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Kai Ryssdal:The mayor of Cleveland, Ohio, says he's got a new civic business model. Turns out he's a big believer in sustainability, so he wants to find a company to supply energy efficient lighting all across the city. But he also wants that company to set up shop in Cleveland and create some much-needed jobs, using the city's purchasing power to drive economic development. Sounds like a fine idea.
But Dan Bobkoff from WCPN in Cleveland tells us the first try didn't quite work out.
Dan Bobkoff: For Cleveland Mayor Frank Jackson, it sounded like the perfect deal: A Chinese maker of LED lights called Sunpu Opto would locate its U.S. headquarters in Cleveland. In exchange, the city would buy all its efficient street lamps, traffic signals and office bulbs from the company for the next 10 years. It would be green, save the city money.
Mayor Frank Jackson: And potentially will create over 350 green jobs in Cleveland.
That's the polite applause Mayor Jackson got when he announced the plan in March, but the Sunpu Opto deal quickly became a political nightmare. Many government and business leaders felt left out of the process. Competitors decried the no-bid contract. Others criticized the 10-year time frame, because LEDs are still rapidly developing.
By the time Cleveland City Council got its hands on the deal, the anger was palpable. This is Councilman Mike Polensek.
Mike Polensek: This whole process troubles me. When my gut tells me something is wrong, I've been here long enough to know something's not right.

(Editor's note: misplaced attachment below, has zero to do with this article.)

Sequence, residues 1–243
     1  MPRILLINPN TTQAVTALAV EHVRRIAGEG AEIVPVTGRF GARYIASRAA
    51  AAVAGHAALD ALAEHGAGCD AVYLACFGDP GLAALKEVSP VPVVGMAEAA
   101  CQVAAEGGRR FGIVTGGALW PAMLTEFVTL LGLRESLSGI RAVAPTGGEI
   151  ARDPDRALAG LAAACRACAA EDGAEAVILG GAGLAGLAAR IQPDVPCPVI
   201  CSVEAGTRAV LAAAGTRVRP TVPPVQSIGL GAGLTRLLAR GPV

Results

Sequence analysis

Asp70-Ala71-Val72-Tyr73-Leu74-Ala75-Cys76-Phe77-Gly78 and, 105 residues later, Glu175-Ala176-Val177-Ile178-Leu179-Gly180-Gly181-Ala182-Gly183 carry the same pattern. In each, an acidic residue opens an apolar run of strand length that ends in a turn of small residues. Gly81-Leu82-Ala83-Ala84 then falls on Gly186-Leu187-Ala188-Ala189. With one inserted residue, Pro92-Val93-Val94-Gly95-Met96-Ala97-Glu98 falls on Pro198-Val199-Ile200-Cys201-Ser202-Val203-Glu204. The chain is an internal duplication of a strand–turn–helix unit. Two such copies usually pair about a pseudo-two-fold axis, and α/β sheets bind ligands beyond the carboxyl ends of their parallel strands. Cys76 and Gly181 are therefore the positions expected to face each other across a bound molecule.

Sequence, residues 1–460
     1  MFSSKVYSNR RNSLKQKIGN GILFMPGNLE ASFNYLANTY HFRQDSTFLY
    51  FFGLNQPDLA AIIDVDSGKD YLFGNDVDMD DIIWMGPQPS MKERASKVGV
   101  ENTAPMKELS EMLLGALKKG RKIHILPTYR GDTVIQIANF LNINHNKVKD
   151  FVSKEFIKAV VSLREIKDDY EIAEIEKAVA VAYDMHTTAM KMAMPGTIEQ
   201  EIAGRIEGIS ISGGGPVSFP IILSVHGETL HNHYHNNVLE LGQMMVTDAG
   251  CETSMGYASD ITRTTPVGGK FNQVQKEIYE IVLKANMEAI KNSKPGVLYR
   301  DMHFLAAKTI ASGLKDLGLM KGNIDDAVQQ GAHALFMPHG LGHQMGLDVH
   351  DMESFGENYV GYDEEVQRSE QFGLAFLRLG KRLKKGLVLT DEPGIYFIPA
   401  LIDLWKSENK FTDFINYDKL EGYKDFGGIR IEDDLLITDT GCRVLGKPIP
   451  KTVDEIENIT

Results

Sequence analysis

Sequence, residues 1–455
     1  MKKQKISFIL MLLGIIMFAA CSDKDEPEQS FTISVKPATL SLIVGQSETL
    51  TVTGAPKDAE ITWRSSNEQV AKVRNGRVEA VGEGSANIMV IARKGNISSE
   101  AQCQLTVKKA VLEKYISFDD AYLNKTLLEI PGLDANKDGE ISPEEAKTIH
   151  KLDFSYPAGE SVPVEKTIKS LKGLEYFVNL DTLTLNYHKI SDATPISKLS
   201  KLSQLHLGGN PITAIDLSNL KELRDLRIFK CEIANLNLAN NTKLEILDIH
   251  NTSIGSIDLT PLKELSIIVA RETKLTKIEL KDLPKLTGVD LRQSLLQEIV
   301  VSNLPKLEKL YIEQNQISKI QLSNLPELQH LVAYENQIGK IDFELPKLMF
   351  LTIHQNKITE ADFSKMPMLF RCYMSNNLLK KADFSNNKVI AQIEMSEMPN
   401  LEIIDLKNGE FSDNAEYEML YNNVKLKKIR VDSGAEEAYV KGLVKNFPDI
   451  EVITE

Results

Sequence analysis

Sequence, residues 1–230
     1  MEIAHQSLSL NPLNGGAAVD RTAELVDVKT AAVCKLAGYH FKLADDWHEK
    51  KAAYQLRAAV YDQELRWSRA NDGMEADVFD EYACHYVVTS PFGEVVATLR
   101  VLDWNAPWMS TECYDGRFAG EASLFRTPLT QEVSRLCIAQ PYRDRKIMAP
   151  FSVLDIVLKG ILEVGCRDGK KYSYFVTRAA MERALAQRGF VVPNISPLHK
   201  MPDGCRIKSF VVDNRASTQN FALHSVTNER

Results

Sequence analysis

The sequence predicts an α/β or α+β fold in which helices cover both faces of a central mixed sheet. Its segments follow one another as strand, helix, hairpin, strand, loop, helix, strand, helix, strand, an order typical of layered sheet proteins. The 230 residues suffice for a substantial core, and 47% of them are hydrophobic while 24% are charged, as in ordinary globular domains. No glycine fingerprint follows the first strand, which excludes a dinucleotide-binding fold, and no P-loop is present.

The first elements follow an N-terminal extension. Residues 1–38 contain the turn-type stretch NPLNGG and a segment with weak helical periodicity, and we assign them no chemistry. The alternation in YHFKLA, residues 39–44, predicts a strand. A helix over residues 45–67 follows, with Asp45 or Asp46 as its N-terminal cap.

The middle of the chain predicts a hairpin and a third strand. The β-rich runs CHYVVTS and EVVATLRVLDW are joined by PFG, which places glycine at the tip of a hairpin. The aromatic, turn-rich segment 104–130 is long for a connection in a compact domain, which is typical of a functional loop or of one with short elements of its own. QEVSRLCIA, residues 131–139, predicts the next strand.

Ed Morrison of Purdue University says Polensek is right to be skeptical. He says the mayor's plan to tie what the city buys to an economic development project is misguided.
Ed Morrison: That's a very controversial approach. In fact, it's usually not used in local or state government.
Morrison says cities are usually required to choose the lowest bid from lots of companies for each project. But Cleveland would be locked into Sunpu Opto's lights for a decade, even if other firms come out with better, cheaper LED bulbs.
It also doesn't help that General Electric's lighting division happens to be based here in the Cleveland area. GE Lighting head Michael Petras called the deal a slap in the face and told city council that GE didn't have a fair chance.
Michael Petras: We kept reaching out, trying to get an audience.
Cleveland Mayor Jackson says the city has never done a deal like this and made some mistakes.
Jackson: It was a little sloppy, to sum it up.
That's why this week he asked council to shelve the plan, and is starting over, looking again for an LED supplier that can make everyone happy -- whether it's Sunpu Opto or another company.
In Cleveland, I'm Dan Bobkoff for Marketplace.